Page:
‘Nope’ Opening Weekend Slip Is Still a Win for Original Films at the Box Office

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Universal’s “Nope” fell short of pre-release hopes for a $50 million opening, and audience approval has been mild instead of wild, but Jordan Peele’s third No. 1 release is still a victory for original films at the box office.

With a $44 million opening this weekend, “Nope” has earned the best launch for a film with an original screenplay since Peele’s last film, “Us,” earned a $71 million opening in April 2019. That also makes it the best launch for any original film since the pandemic began.

The numbers for “Nope” are truly a half-filled glass outcome. The half-empty perspective would be that “Nope” will not be as profitable as Peele’s past two films. While the modern classic “Get Out” was made with just a $4.5 million budget and “Us” was made for $20 million, the CGI work and more expansive set pieces filmed in the Santa Clarita Valley sent the budget for “Nope” up to $68 million.

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“Nope” should be able to make its money back and exceed $100 million domestic, but with a B on CinemaScore and a 79% positive score on PostTrak, it is not showing the signs of a film with the audience buzz needed to leg out the way “Get Out” did five years ago.

But when the scope is expanded beyond Peele’s track record to look at original films — horror or otherwise — “Nope” is a step forward. Last year, when only the strongest franchises were consistently moving the needle for theaters, 20th Century Studios’ “Free Guy” was a rare exception opening to $28.3 million and then using strong buzz to leg out to a $121.6 million domestic run. It grossed another $209 million overseas.

It’s unlikely that “Nope” will match the overseas number of “Free Guy” given its R rating and Peele’s focus on narratives that resonate more with American audiences, but it may be able to come close to that film’s $121 million domestic run given that Sony’s “Bullet Train” will be the only direct competitor to adult audiences in August.

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Another data point that “Nope” will be compared to in the coming weeks is Quentin Tarantino’s “Once Upon a Time in Hollywood,” which was also an original film from a popular filmmaker that got a late July release in 2019. “Nope” has opened consistent with “Once Upon a Time in Hollywood,” which nabbed a $41 million opening. In its second weekend, it dropped 51% to $20 million and finished with $141 million domestic.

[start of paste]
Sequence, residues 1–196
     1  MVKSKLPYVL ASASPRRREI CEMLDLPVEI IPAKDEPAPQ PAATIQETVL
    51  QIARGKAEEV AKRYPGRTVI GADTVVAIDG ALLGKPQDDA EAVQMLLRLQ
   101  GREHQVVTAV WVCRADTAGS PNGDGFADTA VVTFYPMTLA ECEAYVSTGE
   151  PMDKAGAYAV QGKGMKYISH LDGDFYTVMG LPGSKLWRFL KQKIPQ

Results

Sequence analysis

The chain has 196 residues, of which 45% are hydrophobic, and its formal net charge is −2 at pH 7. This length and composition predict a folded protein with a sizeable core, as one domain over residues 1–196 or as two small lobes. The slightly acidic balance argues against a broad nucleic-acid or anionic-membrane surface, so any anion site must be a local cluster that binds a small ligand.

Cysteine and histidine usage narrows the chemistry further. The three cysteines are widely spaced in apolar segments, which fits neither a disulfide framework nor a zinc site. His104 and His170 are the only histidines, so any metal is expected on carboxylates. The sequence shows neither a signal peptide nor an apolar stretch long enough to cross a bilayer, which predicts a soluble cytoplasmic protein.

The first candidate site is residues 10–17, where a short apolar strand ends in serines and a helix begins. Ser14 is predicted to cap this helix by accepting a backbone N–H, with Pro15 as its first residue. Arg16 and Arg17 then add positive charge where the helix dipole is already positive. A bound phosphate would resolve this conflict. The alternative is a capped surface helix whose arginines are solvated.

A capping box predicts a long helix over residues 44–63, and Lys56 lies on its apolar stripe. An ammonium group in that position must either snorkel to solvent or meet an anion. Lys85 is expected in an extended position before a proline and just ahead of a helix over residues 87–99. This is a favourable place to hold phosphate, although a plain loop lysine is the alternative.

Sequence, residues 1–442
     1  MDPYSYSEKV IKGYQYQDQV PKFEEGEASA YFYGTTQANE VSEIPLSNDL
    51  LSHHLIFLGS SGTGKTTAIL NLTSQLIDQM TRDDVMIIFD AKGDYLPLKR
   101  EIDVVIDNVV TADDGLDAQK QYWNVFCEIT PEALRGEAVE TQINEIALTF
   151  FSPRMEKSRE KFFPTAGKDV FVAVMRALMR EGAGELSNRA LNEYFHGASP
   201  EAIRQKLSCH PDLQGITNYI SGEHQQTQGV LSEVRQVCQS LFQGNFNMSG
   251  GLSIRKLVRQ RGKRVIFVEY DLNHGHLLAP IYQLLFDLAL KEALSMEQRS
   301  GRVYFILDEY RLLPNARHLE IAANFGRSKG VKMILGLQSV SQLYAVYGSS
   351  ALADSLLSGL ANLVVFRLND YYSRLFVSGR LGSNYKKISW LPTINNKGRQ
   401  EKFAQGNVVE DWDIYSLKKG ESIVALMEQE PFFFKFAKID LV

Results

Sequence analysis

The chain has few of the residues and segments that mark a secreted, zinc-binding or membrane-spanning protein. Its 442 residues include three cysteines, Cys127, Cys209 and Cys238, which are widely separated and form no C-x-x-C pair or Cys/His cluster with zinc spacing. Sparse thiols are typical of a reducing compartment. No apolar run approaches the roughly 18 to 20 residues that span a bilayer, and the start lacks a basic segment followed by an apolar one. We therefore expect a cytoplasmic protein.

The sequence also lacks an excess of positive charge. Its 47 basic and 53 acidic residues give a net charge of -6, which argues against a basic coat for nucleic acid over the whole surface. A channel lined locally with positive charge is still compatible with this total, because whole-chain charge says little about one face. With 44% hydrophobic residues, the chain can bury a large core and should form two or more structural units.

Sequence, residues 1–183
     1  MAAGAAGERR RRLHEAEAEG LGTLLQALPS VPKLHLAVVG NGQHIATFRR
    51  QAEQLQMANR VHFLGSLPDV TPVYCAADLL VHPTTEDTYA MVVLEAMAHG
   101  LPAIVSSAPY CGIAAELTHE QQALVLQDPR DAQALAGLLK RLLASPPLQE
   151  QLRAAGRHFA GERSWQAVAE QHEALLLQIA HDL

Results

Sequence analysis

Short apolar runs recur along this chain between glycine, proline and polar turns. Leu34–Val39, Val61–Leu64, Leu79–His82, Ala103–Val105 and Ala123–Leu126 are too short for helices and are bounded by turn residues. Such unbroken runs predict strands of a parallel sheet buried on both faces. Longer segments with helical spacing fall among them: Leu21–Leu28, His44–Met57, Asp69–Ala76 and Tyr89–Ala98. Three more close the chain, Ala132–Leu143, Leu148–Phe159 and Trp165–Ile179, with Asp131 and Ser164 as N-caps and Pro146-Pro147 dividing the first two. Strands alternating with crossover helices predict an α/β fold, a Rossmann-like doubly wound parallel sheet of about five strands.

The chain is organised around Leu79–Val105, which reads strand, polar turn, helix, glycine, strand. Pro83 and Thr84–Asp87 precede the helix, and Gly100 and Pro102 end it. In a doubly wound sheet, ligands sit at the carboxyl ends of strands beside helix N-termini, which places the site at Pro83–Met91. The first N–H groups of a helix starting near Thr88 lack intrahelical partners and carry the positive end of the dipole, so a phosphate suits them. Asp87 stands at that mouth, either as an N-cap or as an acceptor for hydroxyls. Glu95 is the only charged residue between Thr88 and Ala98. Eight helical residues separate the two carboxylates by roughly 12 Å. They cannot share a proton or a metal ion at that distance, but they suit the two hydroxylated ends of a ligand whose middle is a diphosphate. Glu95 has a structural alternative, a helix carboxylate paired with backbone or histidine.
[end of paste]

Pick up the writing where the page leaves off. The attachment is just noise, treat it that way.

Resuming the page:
Both films, from different genres, share one major trait: The director was the main draw. Insiders at Universal tell TheWrap that in a PostTrak poll of opening night audiences, 56% of those surveyed said that the main reason why they bought a ticket for “Nope” was because Jordan Peele was the director. Even though “Us” and “Nope” haven’t been as widely acclaimed among moviegoers as “Get Out,” Peele still has a lot of clout with mainstream audiences that is getting his work a lot of attention.

It’s fitting that Universal decided to debut the trailer for Christopher Nolan’s next film, “Oppenheimer,” exclusively before Imax screenings of “Nope.” Though the biopic of the atomic bomb inventor isn’t an original film like “Nope” or “Once Upon a Time in Hollywood,” it is still a major studio release with no franchise attached that, like Peele and Tarantino’s films, will largely be marketed on the director’s reputation.

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Though several major summer blockbusters have performed at pre-pandemic levels, studios are still experimenting with certain genres of films that have gotten little or no testing at the post-shutdown box office. This is why Blumhouse CEO Jason Blum told TheWrap that he was watching the performance of “The Black Phone” closely to see if a horror film without a recognizable IP could still do well theatrically.

With “The Black Phone” making $130 million worldwide against an $18 million budget and “Nope” looking to beat that with a much higher price tag, there’s more hopeful signs that a film with the right premise can build an audience, especially if you’ve got a popular director as a selling point.